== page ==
It is also of interest to note below Helen, is Ann Van Alstine, who is the sister of John A. Ehle's wife, Catherine Van Alstine. Below her is the mother of Henry G. Ehle's wife, Rowena Holmes, Charlotte Hunt Holmes. There are many pieces of information to be found in the Census' after 1840. Bits like this fill in some of the blanks. Conclusion: read all the names listed in the census!

Next I looked at the 1860 census for Hebron again, this time for John Stewart. Along with his growing family, I find two farm laborers from Germany and Ireland; and Marion Marshall, age 21 years, domestic born in Scotland. Then another look at an 1860 census, this time for Robert W. Stewart I. Wow, another big family, remember this was even before the Stewart Homestead house was built in 1866. Robert had six hired farm laborers from Scotland, IL, NY, Germany and Ireland. The last person on the list is Mary Marshall, age 21 years, a Domestic born in Scotland. Seems like there must have been communication between US and Scotland!

One more from the 1860 census in Woodstock. Andrew, Jane and Archibald Marshall.

 Then I found John Marshall in the 1870 census, age 30 years, born in Scotland, as a farm laborer in the Josiah Walknife household.

James Marshall was found in the 1870 census in Grafton Township.

Jane is found in 1870 census in Hebron Township in the Samuel Archibald household. Archibald would presumably her maiden name. Samuel would probably be her nephew.

John is found last in 1880 census in Nunda (Woodstock) Township.

And thus is the roundup of the Marshall family in McHenry County, Illinois complete. It isn't of any great break through, but is gives more body to the Stewart family. More connections could be made through other Court House records, newspapers, etc. This just gives a glimpse into the sometimes tedious, but always exciting family research.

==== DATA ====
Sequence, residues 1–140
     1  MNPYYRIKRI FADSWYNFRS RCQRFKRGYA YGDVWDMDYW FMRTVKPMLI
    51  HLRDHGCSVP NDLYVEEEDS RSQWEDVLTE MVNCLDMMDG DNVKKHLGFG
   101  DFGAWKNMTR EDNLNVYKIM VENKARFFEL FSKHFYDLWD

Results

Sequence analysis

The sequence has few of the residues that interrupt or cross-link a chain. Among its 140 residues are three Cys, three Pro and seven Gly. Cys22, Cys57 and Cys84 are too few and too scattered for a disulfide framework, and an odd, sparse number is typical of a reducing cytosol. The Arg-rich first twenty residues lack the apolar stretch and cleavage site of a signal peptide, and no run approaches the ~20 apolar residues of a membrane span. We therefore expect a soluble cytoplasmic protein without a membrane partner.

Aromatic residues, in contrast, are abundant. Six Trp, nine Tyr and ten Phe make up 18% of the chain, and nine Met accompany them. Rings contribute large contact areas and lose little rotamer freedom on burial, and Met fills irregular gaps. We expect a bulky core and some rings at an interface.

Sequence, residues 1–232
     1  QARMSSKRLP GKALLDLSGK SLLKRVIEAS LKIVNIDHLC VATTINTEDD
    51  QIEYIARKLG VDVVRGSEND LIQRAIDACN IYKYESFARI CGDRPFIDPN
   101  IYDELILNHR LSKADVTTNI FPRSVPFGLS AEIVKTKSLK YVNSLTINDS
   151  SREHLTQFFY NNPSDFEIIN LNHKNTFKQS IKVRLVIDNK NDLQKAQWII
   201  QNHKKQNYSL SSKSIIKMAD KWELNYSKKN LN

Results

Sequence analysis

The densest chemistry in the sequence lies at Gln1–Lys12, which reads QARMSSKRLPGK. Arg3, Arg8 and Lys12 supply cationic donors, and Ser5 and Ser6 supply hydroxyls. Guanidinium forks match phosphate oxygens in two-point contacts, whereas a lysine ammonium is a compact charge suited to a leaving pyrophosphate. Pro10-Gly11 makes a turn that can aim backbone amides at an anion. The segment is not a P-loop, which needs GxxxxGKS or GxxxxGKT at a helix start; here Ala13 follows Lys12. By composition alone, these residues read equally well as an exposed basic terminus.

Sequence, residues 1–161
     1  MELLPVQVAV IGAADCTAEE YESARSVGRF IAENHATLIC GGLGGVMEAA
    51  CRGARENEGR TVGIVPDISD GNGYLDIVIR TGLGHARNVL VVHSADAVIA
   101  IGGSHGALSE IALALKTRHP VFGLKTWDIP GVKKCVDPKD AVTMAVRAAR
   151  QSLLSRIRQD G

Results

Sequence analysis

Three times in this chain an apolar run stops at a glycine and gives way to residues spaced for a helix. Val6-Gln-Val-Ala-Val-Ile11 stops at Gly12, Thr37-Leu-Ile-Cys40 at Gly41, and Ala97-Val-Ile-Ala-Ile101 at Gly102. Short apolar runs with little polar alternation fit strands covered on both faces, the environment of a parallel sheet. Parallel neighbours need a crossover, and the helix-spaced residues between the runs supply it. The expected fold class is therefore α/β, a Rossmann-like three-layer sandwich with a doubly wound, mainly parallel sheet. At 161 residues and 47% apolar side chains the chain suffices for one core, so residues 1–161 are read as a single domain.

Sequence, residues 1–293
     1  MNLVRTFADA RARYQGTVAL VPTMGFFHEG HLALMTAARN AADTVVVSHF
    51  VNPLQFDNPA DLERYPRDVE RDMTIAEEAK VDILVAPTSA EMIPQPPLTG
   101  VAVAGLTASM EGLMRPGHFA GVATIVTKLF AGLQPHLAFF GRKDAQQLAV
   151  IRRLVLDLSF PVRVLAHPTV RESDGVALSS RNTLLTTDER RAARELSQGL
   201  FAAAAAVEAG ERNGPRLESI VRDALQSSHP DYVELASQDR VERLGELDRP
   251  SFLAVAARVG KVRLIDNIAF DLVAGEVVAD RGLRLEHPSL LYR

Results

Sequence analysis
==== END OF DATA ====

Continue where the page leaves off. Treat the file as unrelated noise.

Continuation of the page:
ADDENDUM - August 1, 2010
I have re-read this blog again from a readers point of view and find there is an obvious lack of explanation of the format of the census clips presented here.
Starting at the left side: Printed row numbers. 1st Column is the number of the house visited in that report. 2nd Column is the number of households visited. (both are consecutive numbering) 3rd Column is last name, first name of person. 4th Column - age. 5th Column - sex. 6th Column - race. 7th Column - Occupation/Gen. Info. 8th Column - (Head of household only) Value of Real Estate. 9th Column - Value of personal estate. 10th Column - Place of birth. There are more columns in the report, but do not contain important information for this study.

1 comment:

  1. Hi Bruce. I like your logic. I can get on Heritage Quest at home for free because I am a member of the library system in my county. I'm finding that it is a very good site. God Speed, Cuz Sally